The sickness absence occupational health report is one of the key interfaces between the occupational health practitioner and human resources.
Needless to say the report should be clear, focused and appropriate to the context of the employer, the employee and their workplace.
A brief website survey revealed little comprehensive guidance available on the theme of how to compile an occupational health report. The following attempts to identify some of the main points that may be useful to those compiling such a report on the assessment of those absent from work due to illness or injury.
It was generally agreed the employee must be made aware of the reason for the referral to the occupational health practitioner and it is good practice to obtain written consent prior to an assessment being carried out and a report being prepared.
In addition, reports must be delivered to the employer in a timely manner. The employer should also pay attention to the format of their request for a report – by providing sufficient background information on their employee and their job and questions that are relevant to obtaining information that will be appropriate to ongoing case management.
The top 10 tips for preparing an occupational health report are:
1 It must be in writing, using language that can be easily understood by a non-medical audience and be of practical value to personnel/management and the employee.
2 It should be focused and deal with matters of employment and fitness for work.
3 With the employee’s consent, it should contain relevant and appropriate medical information, including any interventions being planned to allow HR/management to achieve a full understanding of the employee’s situation.
4 It should include details of any functional limitations or relevant disabilities that may temporarily or permanently affect the employee’s ability to carry out their job.
5 If the employee is absent, guidance in relation to the timescale for a return to full or restricted duties should be provided, expected duration of any limitations and whether a review is necessary.
6 It should indicate if further information needs to be obtained from the employee’s general practitioner or hospital doctor to enable a better understanding of the underlying medical condition to be attained.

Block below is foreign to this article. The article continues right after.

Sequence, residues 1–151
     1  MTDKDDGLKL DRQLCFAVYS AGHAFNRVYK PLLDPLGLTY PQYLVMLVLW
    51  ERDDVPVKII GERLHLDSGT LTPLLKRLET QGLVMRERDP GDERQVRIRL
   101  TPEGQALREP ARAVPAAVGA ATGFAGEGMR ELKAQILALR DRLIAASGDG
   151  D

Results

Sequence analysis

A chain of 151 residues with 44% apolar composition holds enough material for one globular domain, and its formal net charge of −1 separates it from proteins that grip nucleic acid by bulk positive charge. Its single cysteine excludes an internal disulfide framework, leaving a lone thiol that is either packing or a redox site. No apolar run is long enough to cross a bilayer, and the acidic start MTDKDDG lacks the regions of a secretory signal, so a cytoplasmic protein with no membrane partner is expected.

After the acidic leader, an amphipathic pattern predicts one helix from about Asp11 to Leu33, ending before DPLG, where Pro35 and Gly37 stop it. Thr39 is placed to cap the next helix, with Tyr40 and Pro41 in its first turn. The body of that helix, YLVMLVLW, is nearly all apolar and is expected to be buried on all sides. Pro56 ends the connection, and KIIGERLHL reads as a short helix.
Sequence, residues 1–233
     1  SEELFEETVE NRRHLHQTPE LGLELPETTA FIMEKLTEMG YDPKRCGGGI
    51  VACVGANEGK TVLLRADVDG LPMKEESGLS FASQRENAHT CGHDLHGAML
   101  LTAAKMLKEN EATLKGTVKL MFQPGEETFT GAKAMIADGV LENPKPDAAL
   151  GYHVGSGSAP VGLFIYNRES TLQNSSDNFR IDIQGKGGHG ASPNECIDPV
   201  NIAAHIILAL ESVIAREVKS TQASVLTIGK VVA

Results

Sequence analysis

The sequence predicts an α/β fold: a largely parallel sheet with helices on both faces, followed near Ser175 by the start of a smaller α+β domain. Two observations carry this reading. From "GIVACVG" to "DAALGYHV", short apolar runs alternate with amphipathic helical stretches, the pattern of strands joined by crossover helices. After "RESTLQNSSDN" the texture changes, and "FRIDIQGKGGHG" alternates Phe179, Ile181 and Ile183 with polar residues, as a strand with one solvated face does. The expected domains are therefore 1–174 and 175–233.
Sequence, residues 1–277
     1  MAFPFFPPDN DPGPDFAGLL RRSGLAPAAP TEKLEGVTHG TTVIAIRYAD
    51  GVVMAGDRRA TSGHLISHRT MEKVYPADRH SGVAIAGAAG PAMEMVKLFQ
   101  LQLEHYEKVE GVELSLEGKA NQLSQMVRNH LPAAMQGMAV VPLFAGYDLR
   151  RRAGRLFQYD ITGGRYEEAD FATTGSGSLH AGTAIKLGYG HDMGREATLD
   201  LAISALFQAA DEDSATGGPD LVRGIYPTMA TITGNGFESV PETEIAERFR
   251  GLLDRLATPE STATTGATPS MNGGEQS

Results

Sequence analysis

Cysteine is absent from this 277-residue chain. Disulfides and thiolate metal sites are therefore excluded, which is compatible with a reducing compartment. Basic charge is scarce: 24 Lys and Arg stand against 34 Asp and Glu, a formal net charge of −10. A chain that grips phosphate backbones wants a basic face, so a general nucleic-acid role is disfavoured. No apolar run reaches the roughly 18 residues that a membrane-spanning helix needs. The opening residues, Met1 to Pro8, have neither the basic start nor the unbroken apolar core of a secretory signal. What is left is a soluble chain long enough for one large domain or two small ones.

7 It should advise whether the condition is likely to be covered by disability discrimination legislation and if adjustments to the job would be appropriate, and if these are likely to be temporary or permanent.
8 It should indicate if it appears that the employee’s medical condition is related to their work, including any allegations of internal disputes that may require management assessment.
9 It should provide an opinion on the impact of the employee’s health condition on future attendance or performance and whether retirement on health grounds may be appropriate.
10 It should indicate if a case conference with HR or management would be helpful, or if a workplace visit would provide further information that would assist in providing advice.
The above may be helpful in structuring an OH report. More debate is needed on this issue – namely what should a good report contain?
From the employer’s perspective, the benchmark is whether or not the report assists them in their ongoing management of the case. This may include dealing with issues of disability, managing a return to work or ongoing absence, or preparing for termination of employment on health grounds.
The OH practitioner should be assisting the employer by providing timely, relevant and appropriate reports. That being said, the practitioner may feel constrained by issues of confidentiality which may lead to a report that contains little or insufficient information.
The key here is to ensure that the employee understands the process in which they are engaged and that written informed consent for a report to be prepared has been obtained.
It would also be good practice to inform the employee at the conclusion of a consultation what the report is likely to contain.
Others go further and suggest the employee should be given a copy of the report for their agreement or otherwise in advance of it being sent to the employer – this would be difficult to operate in practice and if the consent process is adequate, unnecessary.
In conclusion, the key stakeholders in this important interface, occupational health advisers and HR managers, need to continue to engage in the debate and to come together to share each others’ experience and identify their needs. Practical guidance on standards of reporting from the relevant professional bodies would also be of considerable assistance.
Ken Addley is director of Northern Ireland Civil Service Occupational Health Service, Belfast; Isobel Hannah, occupational health nurse; and Patricia McQuillan, assistant director nursing.
1 The University of Warwick Sickness Absence Management Workshop. October (2006).
2 Staff Guide to Occupational Health Advice and Referrals from Northumbria University Occupational Health Service (2008).
3 Association of NHS Occupational Physicians Society Guidelines (ANHOPS 1999): The Role of Occupational Health in the Process of Sickness Absence.
4 The Highland Council. Guidelines for Referral to the Council’s Occupational Health Adviser or Medical Adviser (2008).
5 Collaboration Working Together. Denize Bainbridge. Occupational Health Journal January (2009).
6 Employment Law and Occupational Health- A Practical Handbook J Lewis and G Thornbory (2006) Blackwell Publishing.
7 Referring sickness absence cases to OHS – A best practice guide for Departments and Agencies. NI Civil Service OHS.
8 Effective Medical Reports. Managing sickness absence. A toolkit for changing work culture and improving business performance. EEF, London (2007).